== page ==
By Lethbridge Herald on January 20, 2020.
Study also shows Downtown Clean and Safe Strategy is working
A 13-month study commissioned by city council on the social impacts of the supervised consumption site validated many of the concerns people have expressed about increasing social disorder and anti-social behaviour in the immediate area surrounding the site, but also validated the City of Lethbridge’s mitigation strategy to help local businesses deal with some of these effects.
“When we knew consumption services were first coming to Lethbridge, a literature review was done,” explained City of Lethbridge Urban Revitalization manager Andrew Malcolm, who co-presented with U of L researcher Em Pijl during Monday’s Community Issues Committee meeting. “And in that review, it identified that there were very few impacts to (opening) this type of thing. But the studies all related to Vancouver, Sydney … and other major cities. We weren’t comfortable with that. We figured the City of Lethbridge being a small to mid-sized city would have different implications, which is why we initiated the study before the consumption site opened. In hindsight, that was a great decision by the City of Lethbridge as well as the Heart of Our City Committee — because now we do have a baseline.”
The study ran between January 2018 and February 2019, but took longer to compile than previously expected because some of the data sets requested by researchers were not made available to them despite repeated requests. The Lethbridge Police Service, in particular, was singled out by lead researcher Pijl for not providing the crime data in the area of the SCS she needed to complete her comparison between what was heard and seen in her survey and actual crime statistics over the observation period.
However, stated Pijl, the picture her research painted was clear.
“Overall, it paints a picture we have social disorder in our downtown,” explained Pijl, summarizing her findings. “It was a longitudinal study over 13 months, and explored the perceptions and observations of people who run businesses in the downtown areas of Lethbridge. And it basically showed there is increasing anti-social behaviour and social disorder related primarily to the drug crisis that is happening, and other lacks of services we are experiencing.”
“In the 100-metre-zone around the site there is a concentration of people who are coming for services because prior to that this was a commercial area,” she added, “there were some bars in the area; so any activity we see would be at night related to alcohol. With the site, we have a group of disenfranchised people with rather complex needs coming to the area for service and wrap-around services. They come there for housing help. They come for social services, health care, and also substance use that is safe so they don’t overdose and die.”
Malcolm said having the baseline study completed using academic research methods and cross-checked with an actual data-set would pay dividends for the City’s drug strategy and advocacy efforts going forward.
“To make decisions purely on what people just feel is always challenging,” he said. “For us, it’s nice to have a statistical, arms-length report from the University of Lethbridge to justify that. It is nice to know what people are talking about in the community is, in fact, what we’re seeing through the report. For us, it validates it and allows us to make very measured decisions going foward.”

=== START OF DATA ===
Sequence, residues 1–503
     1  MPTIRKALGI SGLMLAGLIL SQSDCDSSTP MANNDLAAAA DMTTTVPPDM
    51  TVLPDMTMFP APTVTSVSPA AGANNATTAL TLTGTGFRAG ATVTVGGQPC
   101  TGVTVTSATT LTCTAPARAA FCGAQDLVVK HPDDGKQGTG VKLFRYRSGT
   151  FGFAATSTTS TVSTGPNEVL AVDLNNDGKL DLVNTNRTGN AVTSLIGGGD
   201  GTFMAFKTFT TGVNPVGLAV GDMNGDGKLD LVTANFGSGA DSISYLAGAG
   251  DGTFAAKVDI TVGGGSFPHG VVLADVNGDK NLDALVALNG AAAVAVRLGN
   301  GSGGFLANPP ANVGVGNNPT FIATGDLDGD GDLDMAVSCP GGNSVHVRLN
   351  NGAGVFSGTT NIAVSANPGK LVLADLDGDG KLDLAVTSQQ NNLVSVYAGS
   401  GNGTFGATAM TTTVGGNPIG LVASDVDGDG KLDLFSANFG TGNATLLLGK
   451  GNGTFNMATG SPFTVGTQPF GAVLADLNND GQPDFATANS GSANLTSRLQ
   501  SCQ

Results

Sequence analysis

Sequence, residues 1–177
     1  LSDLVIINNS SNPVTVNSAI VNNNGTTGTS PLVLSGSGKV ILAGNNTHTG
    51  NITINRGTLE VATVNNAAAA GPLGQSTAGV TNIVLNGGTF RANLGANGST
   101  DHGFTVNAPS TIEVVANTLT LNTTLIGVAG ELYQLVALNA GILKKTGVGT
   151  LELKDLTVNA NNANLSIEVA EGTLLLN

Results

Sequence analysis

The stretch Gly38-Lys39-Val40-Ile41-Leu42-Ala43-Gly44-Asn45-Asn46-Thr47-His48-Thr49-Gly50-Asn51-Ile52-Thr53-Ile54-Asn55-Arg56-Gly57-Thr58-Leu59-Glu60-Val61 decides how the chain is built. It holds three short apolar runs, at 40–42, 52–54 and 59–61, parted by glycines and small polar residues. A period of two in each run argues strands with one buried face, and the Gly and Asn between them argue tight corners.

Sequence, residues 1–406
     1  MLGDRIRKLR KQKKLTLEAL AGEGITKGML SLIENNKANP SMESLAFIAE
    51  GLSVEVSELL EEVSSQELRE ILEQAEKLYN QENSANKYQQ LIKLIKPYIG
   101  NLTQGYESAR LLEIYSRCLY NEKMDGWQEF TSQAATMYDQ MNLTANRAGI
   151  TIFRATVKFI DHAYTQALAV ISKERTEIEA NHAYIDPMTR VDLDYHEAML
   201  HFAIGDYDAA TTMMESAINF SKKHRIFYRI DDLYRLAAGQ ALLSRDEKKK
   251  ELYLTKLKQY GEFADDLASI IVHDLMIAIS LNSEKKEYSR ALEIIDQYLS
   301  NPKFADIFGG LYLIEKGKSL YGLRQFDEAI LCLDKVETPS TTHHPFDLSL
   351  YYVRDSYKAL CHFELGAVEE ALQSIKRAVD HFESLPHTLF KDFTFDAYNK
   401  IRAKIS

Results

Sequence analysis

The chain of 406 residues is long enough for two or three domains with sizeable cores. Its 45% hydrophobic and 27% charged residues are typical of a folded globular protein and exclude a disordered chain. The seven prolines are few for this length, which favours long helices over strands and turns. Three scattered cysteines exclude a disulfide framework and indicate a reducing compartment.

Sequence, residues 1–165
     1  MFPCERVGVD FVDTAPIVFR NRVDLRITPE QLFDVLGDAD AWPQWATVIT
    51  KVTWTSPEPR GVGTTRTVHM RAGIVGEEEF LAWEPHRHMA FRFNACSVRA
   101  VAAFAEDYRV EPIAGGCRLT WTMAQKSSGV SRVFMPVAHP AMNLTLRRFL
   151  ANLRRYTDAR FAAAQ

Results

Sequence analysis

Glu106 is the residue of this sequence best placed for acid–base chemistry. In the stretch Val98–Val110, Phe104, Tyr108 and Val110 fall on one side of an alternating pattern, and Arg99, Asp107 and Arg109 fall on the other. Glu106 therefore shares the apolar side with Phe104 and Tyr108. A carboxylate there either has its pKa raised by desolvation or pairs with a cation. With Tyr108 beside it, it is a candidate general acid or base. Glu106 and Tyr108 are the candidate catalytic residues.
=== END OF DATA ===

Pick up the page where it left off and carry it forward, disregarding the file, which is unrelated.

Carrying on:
He admitted it might be frustrating to some community members and council members there was no “silver bullet” coming out of the study, but it did validate what the City’s Downtown Clean and Safe Strategy is trying to do in response to the drug crisis, he said.
“For us, it confirms and gives us the ability to look at what the area was dealing with before the consumption site was added, some of the things that happened as that consumption site ramped up, and the year from the date of opening where we are from a community perspective,” Malcolm confirmed. “And what that allows us to do is have a baseline. So that as we initiate new mitigation methods from the Clean Sweep Program, Diversion Outreach Team and some of the other things funded from Downtown Clean and Safe Strategy, we are able to see whether or not they are impacting in a positive manner the environment around the consumption site.”
From her discussions with business owners around the SCS, stated Pijl, the Downtown Clean and Safe Strategy appears to be “money well spent” by city council.
“The respondents in the study were very pleased particulary with ARCHES programs like the COPE Team, and programs like DOT from CMHA,” she explained. “And the needle retrieval and needle pickup program, they are very pleased with that, and that’s across the city — people very much value that service.”
Pijl said her report also highlights the huge gap in services Lethbridge has when it comes to dealing with the secondary effects of the drug crisis.
“We need more services, and we are not funded at the same rate as other cities in Alberta,” she concluded. “We seem to have big-city problems, and if you use substances there are very few places to go where you can access things like detox, rehab and all these things.
“There is a long laundry list of things we need, and it may even get worse.”
The full report is available on the City of Lethbridge website, and is also enclosed in the CIC agenda package from Monday’s meeting.
Follow @TimKalHerald on Twitter